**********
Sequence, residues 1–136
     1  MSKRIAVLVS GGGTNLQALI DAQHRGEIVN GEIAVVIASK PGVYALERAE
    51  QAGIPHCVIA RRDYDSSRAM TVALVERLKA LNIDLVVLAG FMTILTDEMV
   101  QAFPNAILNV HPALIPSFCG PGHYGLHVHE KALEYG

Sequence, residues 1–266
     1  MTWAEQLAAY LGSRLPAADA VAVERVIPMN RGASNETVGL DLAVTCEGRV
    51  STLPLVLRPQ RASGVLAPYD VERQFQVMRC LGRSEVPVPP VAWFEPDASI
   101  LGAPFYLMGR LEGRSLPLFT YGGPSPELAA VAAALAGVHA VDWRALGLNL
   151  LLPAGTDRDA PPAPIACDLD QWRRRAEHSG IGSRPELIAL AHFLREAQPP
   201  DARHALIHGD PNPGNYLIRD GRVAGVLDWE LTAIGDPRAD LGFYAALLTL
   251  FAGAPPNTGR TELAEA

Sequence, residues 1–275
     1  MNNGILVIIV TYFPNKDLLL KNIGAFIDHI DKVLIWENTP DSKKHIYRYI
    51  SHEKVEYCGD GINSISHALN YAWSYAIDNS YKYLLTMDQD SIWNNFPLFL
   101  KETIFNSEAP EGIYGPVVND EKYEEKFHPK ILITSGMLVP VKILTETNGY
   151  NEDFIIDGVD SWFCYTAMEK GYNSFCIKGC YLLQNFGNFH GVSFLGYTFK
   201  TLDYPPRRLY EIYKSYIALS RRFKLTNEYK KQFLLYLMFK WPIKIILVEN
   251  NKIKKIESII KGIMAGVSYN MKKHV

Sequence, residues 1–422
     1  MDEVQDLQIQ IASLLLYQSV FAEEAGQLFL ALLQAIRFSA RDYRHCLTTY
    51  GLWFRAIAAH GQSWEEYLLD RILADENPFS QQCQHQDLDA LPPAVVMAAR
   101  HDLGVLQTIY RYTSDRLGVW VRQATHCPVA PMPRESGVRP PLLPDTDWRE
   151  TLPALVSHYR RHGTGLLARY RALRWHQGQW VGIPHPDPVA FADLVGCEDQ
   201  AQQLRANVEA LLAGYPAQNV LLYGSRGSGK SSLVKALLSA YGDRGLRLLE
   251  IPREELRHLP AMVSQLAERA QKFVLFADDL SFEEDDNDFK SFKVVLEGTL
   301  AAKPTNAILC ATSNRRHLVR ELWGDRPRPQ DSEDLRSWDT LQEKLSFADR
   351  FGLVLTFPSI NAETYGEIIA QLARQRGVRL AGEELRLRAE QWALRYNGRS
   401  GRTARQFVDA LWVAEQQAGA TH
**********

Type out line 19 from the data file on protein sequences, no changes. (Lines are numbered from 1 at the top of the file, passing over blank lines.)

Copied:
Sequence, residues 1–422